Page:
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A Road Less Traveled

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Journeymen have only recently marked the lanes of the Amathine forest, its canopy of leaves denying the ground beneath any light. Their broad leaves soak in the warmth above and leave beneath them a humid, greenish landscape through which thick roots interlock in complicated knots as above as they do beneath the ground. In the absence of torches, their landmarks became sensory experiences: start where the frogs ribbit the loudest, take a left until you find the bark with the sticky moss and if you feel the mud caking your ankles and a trail of rocks under your bootsoles, you’re on the right path. Humanity, better suited for concise maps and coordinates, called it a lost cause. What was there to plunder if even the lanterns were snuffed out by the nose-clogging humidity of Amathine? Dwarves, sunk waist deep in waters and unwilling to waterlog their armors and risk rusting their picks, decided the time it would take to find the mines superseded any profit they could make from them. Above all else, none could make sense of the shadows at the corners of their eyes, bristling leaves before evaporating like panthers in the undergrowth. Panthers, they presumed. There wasn’t a spear sharp enough or will stout enough to fight prowlers in this suffocating dark.


Not with their expiry date. In their longevity, a displaced group of Elves bound themselves to trial and error and heeded the native journeymen's words until they too joined their ranks. Pointy ears twitched tither and dither to find ribitting toads, and lithe feet delicately – albeit knowingly, – padded against mud and stone. Bravery, and the appropriate losses to match it, were the only remedy to the nightprowling threats just out of light and sight. Their skeletal remains, today overgrown with colorful moss and their marrows painted with the tattoos that once dyed their flesh, still refuse to be eaten by the forest: the ancestral will is strong and committed to guiding its descendants to the shore. Some of them fetter shark-toothed spears between their ribs, a somber reminder that though the ancestors have forgiven the symptoms of those trying times – they can never be allowed to come about again.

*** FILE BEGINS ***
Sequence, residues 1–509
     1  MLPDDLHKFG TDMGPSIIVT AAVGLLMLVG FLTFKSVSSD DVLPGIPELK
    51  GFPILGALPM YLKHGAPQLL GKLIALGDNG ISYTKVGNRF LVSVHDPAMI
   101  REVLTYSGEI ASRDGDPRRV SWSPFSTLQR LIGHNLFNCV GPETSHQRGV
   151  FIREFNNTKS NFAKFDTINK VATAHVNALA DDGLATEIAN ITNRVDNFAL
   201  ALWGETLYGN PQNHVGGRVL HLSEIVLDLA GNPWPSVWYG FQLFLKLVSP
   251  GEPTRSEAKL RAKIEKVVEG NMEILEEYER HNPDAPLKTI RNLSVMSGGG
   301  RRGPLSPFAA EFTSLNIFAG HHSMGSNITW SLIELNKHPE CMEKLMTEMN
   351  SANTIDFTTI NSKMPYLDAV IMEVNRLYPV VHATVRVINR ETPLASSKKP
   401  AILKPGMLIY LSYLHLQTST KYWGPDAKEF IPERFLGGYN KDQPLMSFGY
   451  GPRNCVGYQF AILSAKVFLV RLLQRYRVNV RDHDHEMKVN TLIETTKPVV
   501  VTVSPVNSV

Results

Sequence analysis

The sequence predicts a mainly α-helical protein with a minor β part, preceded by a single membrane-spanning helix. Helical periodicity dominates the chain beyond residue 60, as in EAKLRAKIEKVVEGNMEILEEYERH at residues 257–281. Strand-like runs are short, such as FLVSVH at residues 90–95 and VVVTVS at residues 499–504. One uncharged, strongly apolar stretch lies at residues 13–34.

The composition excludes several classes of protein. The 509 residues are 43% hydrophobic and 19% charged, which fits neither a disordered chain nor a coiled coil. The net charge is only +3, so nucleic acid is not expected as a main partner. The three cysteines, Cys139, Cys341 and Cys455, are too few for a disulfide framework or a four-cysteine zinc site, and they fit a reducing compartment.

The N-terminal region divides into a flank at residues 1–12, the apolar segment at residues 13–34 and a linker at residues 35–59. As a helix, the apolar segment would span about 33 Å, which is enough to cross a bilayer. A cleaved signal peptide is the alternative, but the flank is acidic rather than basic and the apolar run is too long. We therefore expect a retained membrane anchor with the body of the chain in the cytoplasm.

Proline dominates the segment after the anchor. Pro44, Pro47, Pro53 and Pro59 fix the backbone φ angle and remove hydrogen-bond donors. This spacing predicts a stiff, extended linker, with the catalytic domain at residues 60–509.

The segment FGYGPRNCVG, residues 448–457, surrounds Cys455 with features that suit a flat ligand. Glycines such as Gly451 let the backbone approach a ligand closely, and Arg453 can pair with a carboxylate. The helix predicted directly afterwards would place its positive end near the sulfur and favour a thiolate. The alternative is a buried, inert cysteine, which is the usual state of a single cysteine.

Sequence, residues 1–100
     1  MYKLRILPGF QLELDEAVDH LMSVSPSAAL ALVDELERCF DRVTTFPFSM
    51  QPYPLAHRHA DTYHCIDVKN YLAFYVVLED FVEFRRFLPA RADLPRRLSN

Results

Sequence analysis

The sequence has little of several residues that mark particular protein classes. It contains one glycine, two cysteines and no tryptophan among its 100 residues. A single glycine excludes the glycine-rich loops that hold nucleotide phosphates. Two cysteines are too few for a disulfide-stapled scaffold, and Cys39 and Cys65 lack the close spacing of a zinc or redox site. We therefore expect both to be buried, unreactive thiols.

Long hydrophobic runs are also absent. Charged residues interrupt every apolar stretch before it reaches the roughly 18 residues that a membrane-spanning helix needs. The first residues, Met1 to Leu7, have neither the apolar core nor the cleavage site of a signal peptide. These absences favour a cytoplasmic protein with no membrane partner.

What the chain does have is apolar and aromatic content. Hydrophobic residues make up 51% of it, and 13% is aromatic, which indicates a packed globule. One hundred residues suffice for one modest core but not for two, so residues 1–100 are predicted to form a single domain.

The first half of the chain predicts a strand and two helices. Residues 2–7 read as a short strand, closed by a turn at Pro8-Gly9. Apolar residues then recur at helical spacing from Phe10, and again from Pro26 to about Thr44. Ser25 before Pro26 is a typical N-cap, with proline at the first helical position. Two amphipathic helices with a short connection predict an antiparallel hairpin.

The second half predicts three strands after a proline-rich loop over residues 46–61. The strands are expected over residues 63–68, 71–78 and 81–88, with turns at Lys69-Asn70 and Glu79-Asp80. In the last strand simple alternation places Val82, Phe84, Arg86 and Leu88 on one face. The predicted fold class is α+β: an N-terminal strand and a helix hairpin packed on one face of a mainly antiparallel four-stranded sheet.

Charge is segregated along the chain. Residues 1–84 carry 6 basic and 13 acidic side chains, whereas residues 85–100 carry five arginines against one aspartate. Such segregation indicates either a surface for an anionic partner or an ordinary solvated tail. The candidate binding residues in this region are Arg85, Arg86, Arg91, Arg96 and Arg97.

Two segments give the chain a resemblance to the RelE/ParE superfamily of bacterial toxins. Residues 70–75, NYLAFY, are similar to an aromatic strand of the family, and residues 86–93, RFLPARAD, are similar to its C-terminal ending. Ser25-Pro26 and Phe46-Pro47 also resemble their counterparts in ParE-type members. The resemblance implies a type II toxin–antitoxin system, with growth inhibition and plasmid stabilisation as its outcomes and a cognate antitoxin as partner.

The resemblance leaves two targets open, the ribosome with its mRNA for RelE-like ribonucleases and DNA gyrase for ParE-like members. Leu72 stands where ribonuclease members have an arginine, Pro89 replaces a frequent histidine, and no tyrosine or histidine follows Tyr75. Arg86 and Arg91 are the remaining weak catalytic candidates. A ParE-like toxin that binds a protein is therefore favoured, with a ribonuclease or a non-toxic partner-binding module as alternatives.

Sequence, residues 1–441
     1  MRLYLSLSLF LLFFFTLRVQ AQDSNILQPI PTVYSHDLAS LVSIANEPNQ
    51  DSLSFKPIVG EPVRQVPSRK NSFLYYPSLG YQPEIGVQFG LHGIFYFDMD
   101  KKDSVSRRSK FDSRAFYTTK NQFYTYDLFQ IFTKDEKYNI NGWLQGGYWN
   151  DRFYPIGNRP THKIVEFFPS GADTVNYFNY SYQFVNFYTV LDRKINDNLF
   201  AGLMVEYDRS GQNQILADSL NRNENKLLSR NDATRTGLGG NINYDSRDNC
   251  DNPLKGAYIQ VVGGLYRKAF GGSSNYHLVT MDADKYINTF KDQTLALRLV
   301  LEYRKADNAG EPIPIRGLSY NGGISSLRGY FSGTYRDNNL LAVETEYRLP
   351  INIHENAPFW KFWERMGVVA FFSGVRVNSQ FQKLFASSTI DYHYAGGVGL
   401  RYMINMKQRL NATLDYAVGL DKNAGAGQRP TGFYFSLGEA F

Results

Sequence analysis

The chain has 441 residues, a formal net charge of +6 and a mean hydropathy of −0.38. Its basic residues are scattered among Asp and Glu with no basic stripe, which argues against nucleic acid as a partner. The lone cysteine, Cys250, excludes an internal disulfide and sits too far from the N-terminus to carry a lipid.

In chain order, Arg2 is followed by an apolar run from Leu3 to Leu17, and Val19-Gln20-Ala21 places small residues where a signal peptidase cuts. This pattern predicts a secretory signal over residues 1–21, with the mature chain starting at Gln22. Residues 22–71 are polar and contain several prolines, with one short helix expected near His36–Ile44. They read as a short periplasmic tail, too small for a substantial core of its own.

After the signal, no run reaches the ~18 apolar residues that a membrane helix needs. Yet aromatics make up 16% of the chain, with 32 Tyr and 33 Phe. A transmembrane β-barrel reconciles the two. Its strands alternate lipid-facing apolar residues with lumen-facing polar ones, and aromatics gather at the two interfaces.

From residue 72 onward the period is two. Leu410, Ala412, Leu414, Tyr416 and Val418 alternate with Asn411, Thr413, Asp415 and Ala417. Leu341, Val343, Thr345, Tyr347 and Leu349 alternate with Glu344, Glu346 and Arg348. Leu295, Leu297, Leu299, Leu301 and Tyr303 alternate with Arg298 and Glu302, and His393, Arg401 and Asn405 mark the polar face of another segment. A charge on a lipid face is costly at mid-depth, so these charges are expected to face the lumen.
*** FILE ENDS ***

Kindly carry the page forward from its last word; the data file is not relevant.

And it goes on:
The path is gentler today. Nets swing from one thick branch to another, jars containing terrariums where generations of fireflies have comfortably thrived hang from them to light the way. Foreigners call them capricious, only lighting the right way forwards when a bit of their rations are sprinkled inside; but those who first ventured these lanes know the fireflies only brighten for the noblehearted and well-intentioned. Complaints, then, have long-fallen on deaf ears for better wayfinding. The Illivirans know better than to damage nature’s protective mantle. Still, with enough perseverance, anyone can find the light at the end of the tunnel.


When the forest clears and roots diverge, and the distant roar of a shore tickles the ears, and the air starts to thin and smell of salt and barbacoa, and in what gaps the canopy of leaves above has allowed, the smoke of cookery and ceremony is in view and saliva pools in the mouth – the heavenly sunlight, possible only through the harmonious living between Elfkind and the oceanic elements, welcomes wanderers with a maternal warmth and an open sky whose wind whispers: ‘it was worth it, wasn’t it?


⋅ •⋅⊰ ₊ ⋆  ☽ ༓ ☾ ⋆ ⁺ ⊱⋅• ⋅


Few people have gone there, and fewer still have left. Those that have speak of bejeweled, tall Elves who jingle like wind chimes surrounded by cross-legged apprentices, dyeing seaweed papers with the words of a foreign tongue. In Ancient Elven, those sparkly-eyed wanderers speak of a great missive to come; of an impossibly large and colorful map, artistically sewing together visuals of islands untold and treasures to the ground tethered. Of men streaked in orange and black smears of paint, standing vigil over the tidepooled shore; of women with wide collections of mortars and pestles, their innards containing pastes that seal wounds and make food tender. 


The most important reports stem from the outside, though. Navymen of Kingdoms abroad speak of mossy ropes underwater the fish avoid, stretching impossible distances – miles and miles into the horizon and back, and the almond shaped canoes with colorfully-tattooed Elves who occasionally arrive to sink beneath the waves and tend to them. Descendantkind hammers signs writ in Common with directions to their capitals into the ground, and a fleet-footed Elf of these makes a net instead, dotted with a variety of knots that none seem to understand – and someway, somehow, with the help of one of these strange children of Malin, always leads them to a pearly settlement by a shore, standing on sandstone.


Have you come through the sea, or by the land?” 


Ready yourself to be asked, and to answer, say the journeymen.

It is all Illivira, that rumored patch of sand and culture, will ask of you.




Credit to @champ for being my personal ghostwriter.